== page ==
Ramallah, west bank // Ask many Palestinians or Israelis and they will tell you that US presidential elections are so important for their futures they should be allowed to vote. Like Israelis, Palestinians see Washington as the most influential third-party player in their conflict. Unlike Israelis, Palestinians see that influence as mostly malign. Both will carefully watch John McCain and Barack Obama as they try to become the leader of the world's only superpower. And where polls show Israelis split over which senator they would support, Palestinians overwhelmingly favour Mr Obama.
Yet that support is qualified by cynicism. Palestinians have no illusions when it comes to the US position on the Palestinian-Israeli conflict. "America," a local restaurateur recently told me, "is irredeemably pro-Israel. I only support Obama because I think he will be good for America and good for black people. For us it will make no difference." Indeed, political observers in the Palestinian territories are divided between those that feel US support for Israel can be mitigated enough for a reasonable agreement to be arrived at and those who think Washington will only grow more fervent in a position that is institutional rather than political or pragmatic. The difference is significant in that it determines whether any faith can be placed in a negotiated process that has Washington as the sole significant arbiter.
Yet there can be no denying that Mr Obama's candidacy has created some excitement, not only in the Palestinian territories, but throughout the region. His position on Iraq and Iran, where he has promised withdrawal and diplomacy respectively, has acted like a balm on a festering wound. His background and minority status have also raised hopes that he would somehow be more sympathetic to Arab concerns, not least Palestinian. The announcement yesterday that, unlike Mr McCain, Mr Obama will visit Ramallah - on July 23 - during his swing through the region will strengthen his image as more even-handed.
Even his numerous pro-Israel comments have been excused. In a speech last month to AIPAC, the influential pro-Israel lobbying group in Washington, Mr Obama said: "Jerusalem will remain the capital of Israel, and it must remain undivided." However, on Sunday, Mr Obama said he had used "poor phrasing" in making that statement. "The point we were simply making is that we don't want barbed wire running through Jerusalem, similar to the way it was prior to the '67 war, that it is possible for us to create a Jerusalem that is cohesive and coherent," Mr Obama said.
Yet after the speech to AIPAC, a Hamas official told me that he understood such remarks as "campaigning". "We will wait [with both candidates] to see what are their actions, and will not judge them on what they say now," said the official. Publicly, Palestinian leaders will welcome Mr Obama's "clarification" on his statement on Jerusalem - just like they condemned it originally - without setting much store by it privately. What else is to be expected from a US candidate? Palestinians - a political people - are acutely aware of the odds they are up against in Washington. Ask anyone and they will point to the influence of the pro-Israel lobby and the voting record of the US congress. Support for Israel, they will tell you, is the issue that garners the most cross-political agreement in the US House of Representatives.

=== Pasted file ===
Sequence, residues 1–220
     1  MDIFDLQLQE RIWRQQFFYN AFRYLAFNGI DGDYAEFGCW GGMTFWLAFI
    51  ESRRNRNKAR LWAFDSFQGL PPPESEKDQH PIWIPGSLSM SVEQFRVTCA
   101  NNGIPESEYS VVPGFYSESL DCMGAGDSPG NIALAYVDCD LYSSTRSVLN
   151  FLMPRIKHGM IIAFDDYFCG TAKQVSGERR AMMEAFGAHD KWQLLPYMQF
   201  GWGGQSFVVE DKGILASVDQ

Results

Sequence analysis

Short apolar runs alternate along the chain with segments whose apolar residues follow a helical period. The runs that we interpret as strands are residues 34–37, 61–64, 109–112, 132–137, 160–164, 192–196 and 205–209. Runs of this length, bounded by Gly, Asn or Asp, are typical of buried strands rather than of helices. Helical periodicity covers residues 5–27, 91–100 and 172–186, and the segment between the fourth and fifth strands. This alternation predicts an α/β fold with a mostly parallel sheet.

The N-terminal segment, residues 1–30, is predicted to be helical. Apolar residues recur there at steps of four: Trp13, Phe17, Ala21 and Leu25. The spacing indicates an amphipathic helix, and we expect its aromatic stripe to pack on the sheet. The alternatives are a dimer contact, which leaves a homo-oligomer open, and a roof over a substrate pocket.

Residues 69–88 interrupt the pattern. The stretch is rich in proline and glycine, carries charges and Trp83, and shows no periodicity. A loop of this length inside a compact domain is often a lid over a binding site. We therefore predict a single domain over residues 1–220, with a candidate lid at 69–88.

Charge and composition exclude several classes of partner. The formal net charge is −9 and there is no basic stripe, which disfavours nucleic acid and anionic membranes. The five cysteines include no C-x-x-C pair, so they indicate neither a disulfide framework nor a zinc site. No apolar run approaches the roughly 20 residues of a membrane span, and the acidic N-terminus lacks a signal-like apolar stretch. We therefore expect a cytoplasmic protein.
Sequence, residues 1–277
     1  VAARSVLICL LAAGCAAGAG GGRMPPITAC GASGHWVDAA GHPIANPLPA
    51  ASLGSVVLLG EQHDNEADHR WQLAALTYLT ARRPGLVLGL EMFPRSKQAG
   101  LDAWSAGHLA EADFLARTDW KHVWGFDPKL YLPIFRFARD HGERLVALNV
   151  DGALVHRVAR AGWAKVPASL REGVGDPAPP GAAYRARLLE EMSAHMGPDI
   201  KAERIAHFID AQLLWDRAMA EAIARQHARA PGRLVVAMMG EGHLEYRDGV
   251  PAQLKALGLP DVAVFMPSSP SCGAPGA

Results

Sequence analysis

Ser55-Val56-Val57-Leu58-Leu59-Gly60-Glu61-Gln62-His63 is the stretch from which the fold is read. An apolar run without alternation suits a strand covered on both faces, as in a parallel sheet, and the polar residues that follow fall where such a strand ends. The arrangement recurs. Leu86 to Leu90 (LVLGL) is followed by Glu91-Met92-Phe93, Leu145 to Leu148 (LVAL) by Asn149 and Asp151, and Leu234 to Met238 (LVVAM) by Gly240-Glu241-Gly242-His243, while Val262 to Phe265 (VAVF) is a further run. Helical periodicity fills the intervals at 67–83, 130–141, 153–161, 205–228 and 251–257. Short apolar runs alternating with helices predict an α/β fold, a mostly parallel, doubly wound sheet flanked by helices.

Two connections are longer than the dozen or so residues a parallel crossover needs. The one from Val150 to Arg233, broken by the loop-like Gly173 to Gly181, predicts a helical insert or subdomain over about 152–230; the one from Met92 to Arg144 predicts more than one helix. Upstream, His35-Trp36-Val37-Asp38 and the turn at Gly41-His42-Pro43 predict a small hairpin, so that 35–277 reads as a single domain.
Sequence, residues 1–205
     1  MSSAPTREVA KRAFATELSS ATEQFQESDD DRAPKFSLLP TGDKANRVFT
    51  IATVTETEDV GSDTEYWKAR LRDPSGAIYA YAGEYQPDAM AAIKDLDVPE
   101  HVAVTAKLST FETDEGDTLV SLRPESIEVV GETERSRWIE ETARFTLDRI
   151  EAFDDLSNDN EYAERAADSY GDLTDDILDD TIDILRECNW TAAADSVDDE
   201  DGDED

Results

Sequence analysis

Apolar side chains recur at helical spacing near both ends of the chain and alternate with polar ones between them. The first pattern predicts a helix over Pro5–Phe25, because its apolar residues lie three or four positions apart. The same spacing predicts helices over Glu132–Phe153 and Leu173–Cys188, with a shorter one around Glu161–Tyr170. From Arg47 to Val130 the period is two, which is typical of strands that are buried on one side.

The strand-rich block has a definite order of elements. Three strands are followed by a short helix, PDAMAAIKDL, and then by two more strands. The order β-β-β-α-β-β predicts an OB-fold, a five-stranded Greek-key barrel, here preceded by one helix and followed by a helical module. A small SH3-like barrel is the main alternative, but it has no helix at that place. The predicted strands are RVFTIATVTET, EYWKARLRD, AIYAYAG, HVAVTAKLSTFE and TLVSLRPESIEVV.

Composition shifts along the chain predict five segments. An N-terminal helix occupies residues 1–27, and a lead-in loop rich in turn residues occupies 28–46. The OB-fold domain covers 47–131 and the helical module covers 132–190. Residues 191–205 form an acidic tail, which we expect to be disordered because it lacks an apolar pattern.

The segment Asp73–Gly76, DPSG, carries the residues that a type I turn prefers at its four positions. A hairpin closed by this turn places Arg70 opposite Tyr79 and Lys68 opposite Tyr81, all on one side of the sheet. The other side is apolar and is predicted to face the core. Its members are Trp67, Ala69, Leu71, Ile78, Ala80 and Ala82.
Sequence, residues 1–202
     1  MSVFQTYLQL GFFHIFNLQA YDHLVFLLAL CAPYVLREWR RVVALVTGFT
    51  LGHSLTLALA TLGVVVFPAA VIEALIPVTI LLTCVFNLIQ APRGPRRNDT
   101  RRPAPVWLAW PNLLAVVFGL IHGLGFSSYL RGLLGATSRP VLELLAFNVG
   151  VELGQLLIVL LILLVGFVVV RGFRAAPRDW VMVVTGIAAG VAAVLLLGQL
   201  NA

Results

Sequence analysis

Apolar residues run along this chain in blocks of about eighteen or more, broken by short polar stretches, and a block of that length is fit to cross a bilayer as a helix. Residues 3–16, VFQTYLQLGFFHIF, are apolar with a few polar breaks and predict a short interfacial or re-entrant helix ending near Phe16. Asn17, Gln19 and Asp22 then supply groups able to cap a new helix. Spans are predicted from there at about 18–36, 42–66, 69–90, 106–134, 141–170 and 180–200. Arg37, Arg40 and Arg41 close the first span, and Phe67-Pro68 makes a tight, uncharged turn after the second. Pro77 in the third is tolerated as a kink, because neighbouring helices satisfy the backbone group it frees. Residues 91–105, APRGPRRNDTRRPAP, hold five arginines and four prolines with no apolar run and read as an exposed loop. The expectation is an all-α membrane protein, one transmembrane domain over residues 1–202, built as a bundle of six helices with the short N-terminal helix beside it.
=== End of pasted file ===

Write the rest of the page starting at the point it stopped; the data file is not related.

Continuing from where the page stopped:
But there is also an issue of substance. After all, to say, as Mr Obama did on Sunday, that Jerusalem should not be physically divided - or should "remain cohesive and coherent" in his words - is hardly a eureka moment. No plan put forward in any official negotiations has ever envisaged Jerusalem as actually divided. One-state, two-state or no-state, no scenario predicts a visible borderline in the city itself as it was before the 1967 occupation by Israel of East Jerusalem. The division is supposed to be administrative and one of sovereignty in an otherwise open city. Practically, it cannot be otherwise.
Israeli officials may react differently to Mr Obama's belated correction. Israel knows that a US presidential candidate needs to show unstinting support for the country in order not to come under sustained attack on his foreign policy. This, in other words, is a good time for pro-Israel supporters to pressure candidates to make unequivocal statements on Israel. As such, they will not be pleased with Mr Obama's U-turn and will likely make a meal of it.
Privately, however, Israeli officials too will not set much store by his comments. These do not veer in any way from current US policy. Every year, in fact, George W Bush, the US president, just like Bill Clinton, his predecessor, has had to veto a 1995 motion by the US Congress to move the US Embassy to Jerusalem in order that it "remain the united capital of the State of Israel". That is unlikely to change regardless of who succeeds Mr Bush in the White House.
Indeed, the present incumbent is the prime reason why US presidential elections are so keenly anticipated here. Palestinians, and some Israelis, consider Mr Bush the worst thing to have happened to the Palestinian-Israeli conflict if not the entire region. Anyone is better and Mr Obama, having marked out a clear break with this administration, is the more welcome. @Email:email@example.com